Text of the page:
“I love it. The fake punt, going for it on fourth down, that’s being aggressive. That shows he has confidence in the team.” 

The fact the Texans don’t end up making it doesn’t change that one iota. You can debate the play called itself — though if O’Brien worries this offensive line can’t plow ahead for one yard the Texans have more trouble than anyone thought — but there’s no way to argue the decision to go for it on fourth down itself.

Not with anything but tired, old thinking.

Yet it's cited as a fault by several Houston sports talk radio hosts. Heck, a Texans fan even stopped me at baggage claim to complain about the fourth-and-one. Seriously? Again, it's a no brainer. 

The same goes for that fake punt. Even if it hadn’t been successful, it would have been a great call. With Ryan Fitzpatrick and the Texans offense doing absolutely nothing, O’Brien needed to find some way to change the tenor of the game.

He did it by turning punter Shane Lechler into a quarterback.

“Any time you can do something like that, it’s fun,” Lechler says.

Yes, even year-old future Hall of Famers can be energized by the O’Brien way.

It’s a style that plays well on the New York sports talk radio airwaves as well. Mike Francesa — the often scolding signature host of Gotham's sports radio giant 660 AM WFAN — has been praising the Texans coach's offensive innovation on air.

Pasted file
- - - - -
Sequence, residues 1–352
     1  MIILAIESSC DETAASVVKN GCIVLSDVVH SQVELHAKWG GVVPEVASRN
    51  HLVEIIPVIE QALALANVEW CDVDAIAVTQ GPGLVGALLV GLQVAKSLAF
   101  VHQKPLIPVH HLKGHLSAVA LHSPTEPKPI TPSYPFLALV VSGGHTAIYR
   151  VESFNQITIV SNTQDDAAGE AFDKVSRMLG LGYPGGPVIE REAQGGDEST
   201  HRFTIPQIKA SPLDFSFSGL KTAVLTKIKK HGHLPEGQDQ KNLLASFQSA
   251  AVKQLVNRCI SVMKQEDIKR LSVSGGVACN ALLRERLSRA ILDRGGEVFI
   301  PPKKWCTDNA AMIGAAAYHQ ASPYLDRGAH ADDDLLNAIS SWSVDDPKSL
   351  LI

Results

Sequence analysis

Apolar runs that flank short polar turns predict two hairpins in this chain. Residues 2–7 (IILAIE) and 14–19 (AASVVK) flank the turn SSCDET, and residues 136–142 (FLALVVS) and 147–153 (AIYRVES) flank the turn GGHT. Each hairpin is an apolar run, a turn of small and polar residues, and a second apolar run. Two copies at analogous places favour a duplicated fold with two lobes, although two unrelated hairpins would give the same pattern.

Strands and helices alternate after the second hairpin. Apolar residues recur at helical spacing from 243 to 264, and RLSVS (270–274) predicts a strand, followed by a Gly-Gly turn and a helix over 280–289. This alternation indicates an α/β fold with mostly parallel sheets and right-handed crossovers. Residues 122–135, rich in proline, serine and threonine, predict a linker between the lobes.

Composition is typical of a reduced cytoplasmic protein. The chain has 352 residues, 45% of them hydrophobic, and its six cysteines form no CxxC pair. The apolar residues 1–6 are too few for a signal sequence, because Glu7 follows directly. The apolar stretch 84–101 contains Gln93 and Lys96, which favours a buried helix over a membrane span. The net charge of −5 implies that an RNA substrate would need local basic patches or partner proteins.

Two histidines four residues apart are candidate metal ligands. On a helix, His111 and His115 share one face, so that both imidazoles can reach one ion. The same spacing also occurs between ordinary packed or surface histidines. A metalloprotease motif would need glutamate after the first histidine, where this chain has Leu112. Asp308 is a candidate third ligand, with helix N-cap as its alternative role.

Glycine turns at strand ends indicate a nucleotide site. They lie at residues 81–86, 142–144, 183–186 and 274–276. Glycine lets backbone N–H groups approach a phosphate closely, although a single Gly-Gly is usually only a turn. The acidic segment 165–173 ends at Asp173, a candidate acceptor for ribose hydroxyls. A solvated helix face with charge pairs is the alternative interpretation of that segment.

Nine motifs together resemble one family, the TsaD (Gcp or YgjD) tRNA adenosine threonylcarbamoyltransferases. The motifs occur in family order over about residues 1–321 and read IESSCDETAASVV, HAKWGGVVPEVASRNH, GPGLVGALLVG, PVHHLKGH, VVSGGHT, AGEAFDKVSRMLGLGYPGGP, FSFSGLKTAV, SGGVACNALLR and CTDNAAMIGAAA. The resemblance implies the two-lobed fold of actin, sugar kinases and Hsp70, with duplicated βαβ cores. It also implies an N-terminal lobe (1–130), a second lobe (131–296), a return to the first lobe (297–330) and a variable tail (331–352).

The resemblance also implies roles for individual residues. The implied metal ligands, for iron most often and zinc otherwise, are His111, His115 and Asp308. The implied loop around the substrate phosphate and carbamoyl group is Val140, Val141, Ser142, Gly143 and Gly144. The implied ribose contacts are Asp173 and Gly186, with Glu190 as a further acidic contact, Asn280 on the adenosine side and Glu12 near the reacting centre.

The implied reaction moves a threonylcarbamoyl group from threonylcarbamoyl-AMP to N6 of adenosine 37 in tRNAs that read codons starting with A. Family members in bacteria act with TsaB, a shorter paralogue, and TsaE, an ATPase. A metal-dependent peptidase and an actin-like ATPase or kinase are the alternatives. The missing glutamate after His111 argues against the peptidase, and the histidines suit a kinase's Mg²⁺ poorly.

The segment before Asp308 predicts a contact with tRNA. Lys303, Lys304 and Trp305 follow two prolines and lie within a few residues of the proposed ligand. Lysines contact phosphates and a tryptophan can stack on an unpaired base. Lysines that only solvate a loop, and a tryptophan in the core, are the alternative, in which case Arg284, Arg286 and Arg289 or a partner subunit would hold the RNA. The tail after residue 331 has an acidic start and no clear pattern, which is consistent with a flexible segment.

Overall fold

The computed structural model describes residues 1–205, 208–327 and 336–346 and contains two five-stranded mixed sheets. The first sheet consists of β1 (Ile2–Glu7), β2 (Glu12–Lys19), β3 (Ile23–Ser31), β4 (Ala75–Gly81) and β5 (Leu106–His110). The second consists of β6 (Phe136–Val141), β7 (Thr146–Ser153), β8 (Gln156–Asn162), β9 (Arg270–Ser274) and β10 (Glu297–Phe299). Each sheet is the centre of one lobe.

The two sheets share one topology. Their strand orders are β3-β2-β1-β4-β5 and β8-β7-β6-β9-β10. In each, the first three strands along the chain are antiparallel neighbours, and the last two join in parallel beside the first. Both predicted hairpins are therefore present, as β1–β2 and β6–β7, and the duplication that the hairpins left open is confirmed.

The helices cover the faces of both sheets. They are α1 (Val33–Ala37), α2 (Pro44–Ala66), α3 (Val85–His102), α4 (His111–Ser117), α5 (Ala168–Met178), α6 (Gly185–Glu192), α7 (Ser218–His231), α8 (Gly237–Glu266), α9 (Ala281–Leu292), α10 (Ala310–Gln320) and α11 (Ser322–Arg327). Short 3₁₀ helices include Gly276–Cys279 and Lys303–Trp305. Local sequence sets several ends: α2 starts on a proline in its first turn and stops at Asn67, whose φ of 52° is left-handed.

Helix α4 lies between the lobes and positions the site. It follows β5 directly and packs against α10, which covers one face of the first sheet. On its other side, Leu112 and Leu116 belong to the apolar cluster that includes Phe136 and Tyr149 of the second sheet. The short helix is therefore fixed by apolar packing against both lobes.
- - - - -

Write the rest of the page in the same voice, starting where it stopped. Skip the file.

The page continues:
Sometimes playing smart, "situational" football means going bold and doing what the other team doesn't expect. 

"O'Brien's the guy who came up with the Patriots two tight end offense with Gronk (Rob Gronkowski) and (Aaron) Hernandez," Francesa says. "That's his offense.

"This guy can coach."

Francesa goes on to say that while he wasn't quite as sure O'Brien would be an NFL coaching star coming out of Penn State as he was Jim Harbaugh would be coming out of Stanford, it wasn't that big of a gap.

The Texans franchise desperately needed an original thinker, a coach who attacks rather than reacts and they seem to have found him in a Boston guy.

Now Texans fans can only hope that O'Brien doesn't become less bold with Fitzpatrick at quarterback. The coach chastises himself for having Uncle Fitz throw on a third-and-19 deep in his own territory — a play that results in an interception — after the Giants loss. And several Houston sports radio hosts and columnists have blindly (and dumbly) made the same argument.

That interception's not on O'Brien though. That's on Fitzpatrick.

A bad result doesn't necessarily make it a bad play call. The Texans need to be able to go downfield on a third-and-long when the game's not going their way.

They must forever bury the stigma of throwing eight-yard passes on third-and-10, the type of thing that too often haunted Gary Kubiak's offense.

If the Texans are going to be a surprise playoff team this year, they need O'Brien to roll the dice — often. Sometimes playing smart, "situational" football means going bold and doing what the other team doesn't expect.

"I like that coach is willing to try things," Johnson says.

You don't play the Raiders every week. A straight-forward gameplan isn't always enough. Against the Giants, O'Brien's daring play calls gave his team a chance to stay in a game they had no business still being in after a disastrous start. That's all you can ask from a coach.